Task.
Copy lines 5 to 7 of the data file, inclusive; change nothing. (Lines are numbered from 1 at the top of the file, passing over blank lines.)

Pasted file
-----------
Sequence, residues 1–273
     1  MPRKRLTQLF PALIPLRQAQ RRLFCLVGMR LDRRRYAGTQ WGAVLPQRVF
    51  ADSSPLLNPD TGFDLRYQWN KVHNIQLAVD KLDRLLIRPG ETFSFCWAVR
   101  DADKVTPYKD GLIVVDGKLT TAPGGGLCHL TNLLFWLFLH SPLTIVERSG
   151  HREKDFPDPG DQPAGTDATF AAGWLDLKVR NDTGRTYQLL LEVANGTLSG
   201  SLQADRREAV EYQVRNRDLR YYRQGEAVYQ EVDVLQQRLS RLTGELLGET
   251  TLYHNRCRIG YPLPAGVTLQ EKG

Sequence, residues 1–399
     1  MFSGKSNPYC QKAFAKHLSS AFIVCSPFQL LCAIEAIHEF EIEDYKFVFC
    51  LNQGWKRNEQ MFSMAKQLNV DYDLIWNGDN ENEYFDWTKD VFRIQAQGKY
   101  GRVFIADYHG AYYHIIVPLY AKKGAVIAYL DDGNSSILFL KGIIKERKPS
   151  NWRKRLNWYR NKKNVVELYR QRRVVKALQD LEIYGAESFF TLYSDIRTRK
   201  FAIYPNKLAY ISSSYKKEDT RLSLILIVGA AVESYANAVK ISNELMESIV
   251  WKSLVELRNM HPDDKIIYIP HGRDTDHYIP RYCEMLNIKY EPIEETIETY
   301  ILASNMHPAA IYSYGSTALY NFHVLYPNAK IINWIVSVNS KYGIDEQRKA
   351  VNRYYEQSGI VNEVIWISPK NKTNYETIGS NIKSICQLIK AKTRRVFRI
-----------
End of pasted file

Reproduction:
   151  HREKDFPDPG DQPAGTDATF AAGWLDLKVR NDTGRTYQLL LEVANGTLSG
   201  SLQADRREAV EYQVRNRDLR YYRQGEAVYQ EVDVLQQRLS RLTGELLGET
   251  TLYHNRCRIG YPLPAGVTLQ EKG